Goals are extremely good and cool. No one other than the occasional massive weirdo goes to the football to see a grinding, low-scoring war of attrition between two defensively-minded sides. Despite this, scores have been falling for the past decade or so, as tactics like flooding and its various tedious descendants have come into fashion. The typical combined score of both teams in a game in 2015 was down to early-1970s levels, which is a Bad Thing.
The AFL must agree that goals are good and cool, because they’ve made some rule changes that aim to generate higher-scoring play. As we’ve already established, the changes have succeeded in achieving their other goal, a reduction in stoppages. It looks as if they’ve succeeded in increasing scores, too.
The average combined score in games in 2016 is two and a bit goals higher than the average in 2015.
After three rounds, we have a big enough sample (36 games) to be reasonably sure that this difference in average scores isn’t due to chance [for the nerds, t = 2.934, associated p-value = 0.004, two-tailed test].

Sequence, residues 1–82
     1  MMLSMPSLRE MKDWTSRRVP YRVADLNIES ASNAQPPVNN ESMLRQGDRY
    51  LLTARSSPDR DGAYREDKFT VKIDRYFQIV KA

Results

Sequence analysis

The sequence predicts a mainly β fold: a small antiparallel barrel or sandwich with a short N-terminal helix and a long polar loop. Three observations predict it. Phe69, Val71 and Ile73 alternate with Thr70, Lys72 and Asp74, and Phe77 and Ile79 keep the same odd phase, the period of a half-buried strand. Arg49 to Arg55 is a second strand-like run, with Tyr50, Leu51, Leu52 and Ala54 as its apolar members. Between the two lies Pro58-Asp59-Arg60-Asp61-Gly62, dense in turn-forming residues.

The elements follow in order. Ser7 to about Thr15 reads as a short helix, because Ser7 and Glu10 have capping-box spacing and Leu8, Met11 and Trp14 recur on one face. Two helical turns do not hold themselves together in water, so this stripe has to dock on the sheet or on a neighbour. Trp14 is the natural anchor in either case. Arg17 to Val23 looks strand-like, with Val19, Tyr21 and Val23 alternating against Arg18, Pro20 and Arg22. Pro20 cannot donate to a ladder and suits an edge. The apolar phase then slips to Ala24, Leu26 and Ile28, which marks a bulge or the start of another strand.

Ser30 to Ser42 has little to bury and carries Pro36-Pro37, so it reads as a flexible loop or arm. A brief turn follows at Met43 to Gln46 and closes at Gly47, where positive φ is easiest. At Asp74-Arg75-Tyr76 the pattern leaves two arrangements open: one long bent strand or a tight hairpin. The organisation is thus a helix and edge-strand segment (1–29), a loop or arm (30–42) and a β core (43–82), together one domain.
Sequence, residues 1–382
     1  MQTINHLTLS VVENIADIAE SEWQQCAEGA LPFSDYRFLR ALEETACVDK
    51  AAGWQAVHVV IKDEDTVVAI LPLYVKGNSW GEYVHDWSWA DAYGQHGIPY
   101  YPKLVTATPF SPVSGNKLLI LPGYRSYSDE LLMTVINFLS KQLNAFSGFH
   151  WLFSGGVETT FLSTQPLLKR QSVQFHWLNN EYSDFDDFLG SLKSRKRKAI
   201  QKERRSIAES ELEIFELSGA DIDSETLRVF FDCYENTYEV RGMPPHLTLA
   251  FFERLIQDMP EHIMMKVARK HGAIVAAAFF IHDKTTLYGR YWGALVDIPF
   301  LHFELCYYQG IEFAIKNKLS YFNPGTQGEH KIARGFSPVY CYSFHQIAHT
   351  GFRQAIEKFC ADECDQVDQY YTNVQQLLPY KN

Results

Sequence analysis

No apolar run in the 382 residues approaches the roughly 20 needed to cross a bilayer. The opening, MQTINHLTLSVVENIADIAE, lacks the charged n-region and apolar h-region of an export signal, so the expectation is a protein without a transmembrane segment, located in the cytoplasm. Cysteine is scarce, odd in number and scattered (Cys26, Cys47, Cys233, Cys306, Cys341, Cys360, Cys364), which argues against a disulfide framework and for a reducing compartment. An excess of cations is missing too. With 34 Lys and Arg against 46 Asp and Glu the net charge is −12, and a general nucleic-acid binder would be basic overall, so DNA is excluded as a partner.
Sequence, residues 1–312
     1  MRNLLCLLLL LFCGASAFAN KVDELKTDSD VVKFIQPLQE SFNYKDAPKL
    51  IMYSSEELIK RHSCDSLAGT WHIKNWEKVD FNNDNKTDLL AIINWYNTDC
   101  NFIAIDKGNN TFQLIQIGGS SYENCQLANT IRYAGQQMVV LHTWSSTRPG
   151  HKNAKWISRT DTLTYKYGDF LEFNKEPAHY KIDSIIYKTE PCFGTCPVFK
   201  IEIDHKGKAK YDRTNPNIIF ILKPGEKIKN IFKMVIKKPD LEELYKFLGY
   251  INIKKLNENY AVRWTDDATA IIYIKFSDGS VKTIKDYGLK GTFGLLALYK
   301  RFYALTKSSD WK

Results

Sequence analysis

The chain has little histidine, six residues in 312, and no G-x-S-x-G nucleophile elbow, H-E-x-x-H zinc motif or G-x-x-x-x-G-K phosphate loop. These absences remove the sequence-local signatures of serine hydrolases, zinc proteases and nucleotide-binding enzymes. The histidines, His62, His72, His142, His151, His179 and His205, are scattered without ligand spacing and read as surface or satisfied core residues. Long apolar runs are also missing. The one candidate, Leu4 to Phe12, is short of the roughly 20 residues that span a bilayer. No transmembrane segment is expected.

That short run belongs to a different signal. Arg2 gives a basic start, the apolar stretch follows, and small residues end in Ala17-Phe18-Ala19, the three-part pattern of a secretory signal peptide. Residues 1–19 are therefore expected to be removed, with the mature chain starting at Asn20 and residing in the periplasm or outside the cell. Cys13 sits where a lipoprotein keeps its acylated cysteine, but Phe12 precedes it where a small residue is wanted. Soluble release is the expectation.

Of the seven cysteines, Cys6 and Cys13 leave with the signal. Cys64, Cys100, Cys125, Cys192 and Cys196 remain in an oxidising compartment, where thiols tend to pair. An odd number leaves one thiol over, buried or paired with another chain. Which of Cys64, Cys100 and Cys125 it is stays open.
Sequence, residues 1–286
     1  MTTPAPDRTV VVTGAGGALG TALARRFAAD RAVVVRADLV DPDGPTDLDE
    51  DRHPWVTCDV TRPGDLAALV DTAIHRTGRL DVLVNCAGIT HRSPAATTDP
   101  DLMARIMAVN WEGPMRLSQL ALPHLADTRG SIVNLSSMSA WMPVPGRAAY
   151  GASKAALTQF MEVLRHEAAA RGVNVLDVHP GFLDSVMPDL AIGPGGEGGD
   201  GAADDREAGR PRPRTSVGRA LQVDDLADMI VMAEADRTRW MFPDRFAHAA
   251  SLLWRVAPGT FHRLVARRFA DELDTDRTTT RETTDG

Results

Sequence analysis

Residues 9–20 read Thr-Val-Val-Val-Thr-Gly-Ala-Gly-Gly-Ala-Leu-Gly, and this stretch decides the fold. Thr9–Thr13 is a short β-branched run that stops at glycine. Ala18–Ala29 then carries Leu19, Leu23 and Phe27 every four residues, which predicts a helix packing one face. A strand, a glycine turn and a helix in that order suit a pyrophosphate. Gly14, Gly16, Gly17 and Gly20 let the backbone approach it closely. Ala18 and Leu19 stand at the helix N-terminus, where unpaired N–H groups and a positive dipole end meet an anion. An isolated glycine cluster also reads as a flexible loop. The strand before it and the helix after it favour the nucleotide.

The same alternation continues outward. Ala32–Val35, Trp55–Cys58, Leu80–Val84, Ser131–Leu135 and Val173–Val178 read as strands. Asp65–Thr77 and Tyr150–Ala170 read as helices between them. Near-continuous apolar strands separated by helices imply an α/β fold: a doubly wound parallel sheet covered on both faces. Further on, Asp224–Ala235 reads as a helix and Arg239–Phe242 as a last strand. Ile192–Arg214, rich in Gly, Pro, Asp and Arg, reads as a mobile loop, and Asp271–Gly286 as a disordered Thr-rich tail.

It turns out that scores have risen for both losing and winning teams. The average score of losing teams has risen from 67.2 to 74.9, an extra 7.7 points per game, while the average score of winning teams has gone from 105.5 to 110.7, just under an extra goal per game.
The goals are back in town! The new rule changes are helping to make what we (ie. me, Matt Cowgill) at The Arc think is a Golden Age of AFL Football even more golden.